ORANGE BEACH, Ala. (WKRG) – Monday morning was full of cheer on the shores of Orange Beach when a creature of the sea was returned to it’s home.
Guill, an endangered Kemp’s ridley sea turtle, was released into the Gulf of Mexico near the Perdido Pass bridge. Guill was found barely clinging to life on Ono Island with fishing tackle wrapped around its neck. A concerned individual called the sea turtle hotline at 1-866-SEA-TURT and that call was later transferred to the Orange Beach Coastal Resource Division.
Guill was picked up by Lisa Graham and Wade Stevens at the Orange Beach Coastal Resource Division. Graham and Stevens took the turtle the Gulfarium C.A.R.E Center in Fort Walton Beach, Florida. There he stayed for 4 months until Guill was rehabilitated and released.
“It was at night,” Graham said after Guill’s release. “We got over there to get him/her and it was so sad. There was marine debris and a trap and it was just all tangled up. I never dreamed it would live, so it’s very exciting.”
“It’s definitely work where it required everybody to get together and help get the turtle … out of the water and then get it over to the Gulfarium that’s two hours away,” Sablan said. “And then the Gulfarium staff worked tirelessly to get this turtle back up to health. It had a very severe injury around the neck. The fishing line actually wrapped around the neck. And I didn’t think the turtle was actually going to make it through the night but it’s one of the examples that this turtle did come through. It’s also an example of how important it is to take your fishing gear with you when you leave the beach or if you have crab pots that you remove them when they’re not in use.”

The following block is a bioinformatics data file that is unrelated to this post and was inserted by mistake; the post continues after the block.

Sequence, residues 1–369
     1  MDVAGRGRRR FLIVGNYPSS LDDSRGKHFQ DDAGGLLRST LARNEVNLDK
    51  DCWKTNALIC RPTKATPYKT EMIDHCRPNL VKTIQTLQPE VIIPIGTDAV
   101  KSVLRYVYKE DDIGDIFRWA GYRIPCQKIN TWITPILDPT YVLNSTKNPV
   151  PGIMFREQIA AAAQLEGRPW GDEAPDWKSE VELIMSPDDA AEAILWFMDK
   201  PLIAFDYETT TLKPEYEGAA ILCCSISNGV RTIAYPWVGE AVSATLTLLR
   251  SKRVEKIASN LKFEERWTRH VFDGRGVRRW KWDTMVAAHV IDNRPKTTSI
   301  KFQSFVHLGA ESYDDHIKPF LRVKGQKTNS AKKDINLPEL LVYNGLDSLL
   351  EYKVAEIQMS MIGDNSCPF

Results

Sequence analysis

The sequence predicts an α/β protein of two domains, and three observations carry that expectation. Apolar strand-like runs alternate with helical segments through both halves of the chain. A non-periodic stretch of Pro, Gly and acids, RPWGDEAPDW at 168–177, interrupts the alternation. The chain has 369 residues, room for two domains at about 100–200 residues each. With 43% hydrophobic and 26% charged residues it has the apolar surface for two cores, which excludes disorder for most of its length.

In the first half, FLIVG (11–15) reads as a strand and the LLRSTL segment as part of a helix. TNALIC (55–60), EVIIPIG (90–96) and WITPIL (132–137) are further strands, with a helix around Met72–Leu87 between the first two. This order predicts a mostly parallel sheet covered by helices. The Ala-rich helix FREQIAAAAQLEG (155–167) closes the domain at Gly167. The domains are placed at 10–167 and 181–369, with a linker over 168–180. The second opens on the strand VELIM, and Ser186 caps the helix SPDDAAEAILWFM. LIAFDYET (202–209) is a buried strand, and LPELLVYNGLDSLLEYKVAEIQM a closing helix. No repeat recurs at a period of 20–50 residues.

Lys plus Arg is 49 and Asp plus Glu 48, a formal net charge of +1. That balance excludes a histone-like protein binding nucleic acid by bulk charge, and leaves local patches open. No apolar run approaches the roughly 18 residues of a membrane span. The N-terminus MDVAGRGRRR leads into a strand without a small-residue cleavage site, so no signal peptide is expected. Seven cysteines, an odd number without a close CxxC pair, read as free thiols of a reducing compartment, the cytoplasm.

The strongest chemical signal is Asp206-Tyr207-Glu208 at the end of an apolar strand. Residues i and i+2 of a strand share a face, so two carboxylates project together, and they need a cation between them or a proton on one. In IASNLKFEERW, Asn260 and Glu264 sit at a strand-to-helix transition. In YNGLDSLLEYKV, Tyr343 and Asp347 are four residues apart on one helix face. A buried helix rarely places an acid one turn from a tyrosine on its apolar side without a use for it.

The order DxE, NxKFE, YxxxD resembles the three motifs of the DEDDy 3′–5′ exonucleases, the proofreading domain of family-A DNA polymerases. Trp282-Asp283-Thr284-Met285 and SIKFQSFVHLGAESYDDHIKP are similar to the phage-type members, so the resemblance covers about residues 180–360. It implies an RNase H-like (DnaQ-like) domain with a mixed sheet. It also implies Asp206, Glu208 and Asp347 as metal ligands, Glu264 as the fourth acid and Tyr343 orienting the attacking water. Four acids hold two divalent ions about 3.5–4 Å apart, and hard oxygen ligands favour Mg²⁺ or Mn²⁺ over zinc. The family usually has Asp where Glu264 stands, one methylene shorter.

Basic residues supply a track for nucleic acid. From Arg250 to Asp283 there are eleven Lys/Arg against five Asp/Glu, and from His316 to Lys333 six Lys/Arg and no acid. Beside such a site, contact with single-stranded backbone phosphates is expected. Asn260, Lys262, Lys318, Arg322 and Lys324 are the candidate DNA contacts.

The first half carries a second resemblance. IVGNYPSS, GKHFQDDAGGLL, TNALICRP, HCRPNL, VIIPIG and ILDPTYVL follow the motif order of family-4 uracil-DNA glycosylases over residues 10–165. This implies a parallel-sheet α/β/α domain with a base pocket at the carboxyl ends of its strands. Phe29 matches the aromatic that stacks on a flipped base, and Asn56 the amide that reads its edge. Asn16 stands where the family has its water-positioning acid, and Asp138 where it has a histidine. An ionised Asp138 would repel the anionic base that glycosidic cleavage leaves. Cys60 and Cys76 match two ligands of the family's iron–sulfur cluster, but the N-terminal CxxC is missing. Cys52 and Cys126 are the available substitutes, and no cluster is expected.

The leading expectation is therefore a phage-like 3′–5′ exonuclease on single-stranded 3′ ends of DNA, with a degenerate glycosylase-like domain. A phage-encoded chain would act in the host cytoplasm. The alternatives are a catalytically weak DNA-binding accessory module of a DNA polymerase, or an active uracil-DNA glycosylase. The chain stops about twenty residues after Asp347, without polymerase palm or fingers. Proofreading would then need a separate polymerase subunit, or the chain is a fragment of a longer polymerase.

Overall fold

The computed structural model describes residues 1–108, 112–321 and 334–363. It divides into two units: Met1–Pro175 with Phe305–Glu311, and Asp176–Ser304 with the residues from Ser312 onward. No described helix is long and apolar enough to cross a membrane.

On the way back from the Gulfarium Monday morning, Graham said Guill was ready to go and when he touched the Gulf after a four-month absence, he wasted no time and quickly swam away, coming up for some air moments later some 20 yards off shore to another round of cheers.
Over 50 adults and children gathered to celebrate the release of Guill, including Jackie Sablan. “This is a Kemp’s ridley, which is one of the rarest sea turtles in the world,” Sablan said to the gathered group with young children listening intently. “You can tell it’s one of the small ones as well, and at adult size, they are at maybe 100 pounds. So this one has a little bit longer to go until it’s an adult. But they love using our nearshore environment to feed as they’re growing. A lot of times we find them in our bays around this area.”
Guill was believed to be 10 years old.